Emily's parents have divorced. Emily is living with her mother in Rancho Rosetta. Her mother is forcing her to play summer volleyball. Oh, the unfairness of things. Cheer up, Emily, because help is on the way in the guise of one Millicent Min and her family. Stanford Wong even makes more than one appearance. By the end of the novel, Emily has made some new friends and decided that Rancho Rosetta will not be the end of the world.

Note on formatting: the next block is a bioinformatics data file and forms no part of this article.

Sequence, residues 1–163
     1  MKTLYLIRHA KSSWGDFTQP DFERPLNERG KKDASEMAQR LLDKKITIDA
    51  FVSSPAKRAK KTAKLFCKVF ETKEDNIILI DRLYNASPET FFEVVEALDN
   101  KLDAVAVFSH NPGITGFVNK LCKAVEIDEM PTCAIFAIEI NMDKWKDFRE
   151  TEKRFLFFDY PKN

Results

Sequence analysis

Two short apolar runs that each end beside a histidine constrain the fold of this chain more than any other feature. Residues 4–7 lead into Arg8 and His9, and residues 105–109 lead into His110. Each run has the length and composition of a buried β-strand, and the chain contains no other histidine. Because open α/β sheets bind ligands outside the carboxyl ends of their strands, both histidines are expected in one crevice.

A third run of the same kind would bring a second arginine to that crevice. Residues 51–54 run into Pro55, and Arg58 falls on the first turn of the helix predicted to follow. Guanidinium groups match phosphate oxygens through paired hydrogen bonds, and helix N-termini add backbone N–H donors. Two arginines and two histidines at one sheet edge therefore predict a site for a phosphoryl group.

Lisa Yee's warm humor shines through this story of dealing with parents' divorce, with an embarrassing mother, with new school and new friends, and so much of the day to day angst that is being a tween. The story, most of it related through Emily's letters to her now absent father, moves briskly. Yee tells a familiar story, true, but with her own unique take. Considering the fact that many of our kids come from split families, this is a book that should be required for any intermediate/middle school collection.